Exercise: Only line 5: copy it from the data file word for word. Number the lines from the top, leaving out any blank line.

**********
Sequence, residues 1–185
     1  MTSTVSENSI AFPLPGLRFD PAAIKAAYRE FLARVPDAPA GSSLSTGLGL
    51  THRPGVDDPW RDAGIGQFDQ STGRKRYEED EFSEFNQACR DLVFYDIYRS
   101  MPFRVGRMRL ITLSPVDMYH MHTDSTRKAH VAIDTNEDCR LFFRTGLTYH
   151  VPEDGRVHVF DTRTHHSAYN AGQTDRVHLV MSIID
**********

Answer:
   151  VPEDGRVHVF DTRTHHSAYN AGQTDRVHLV MSIID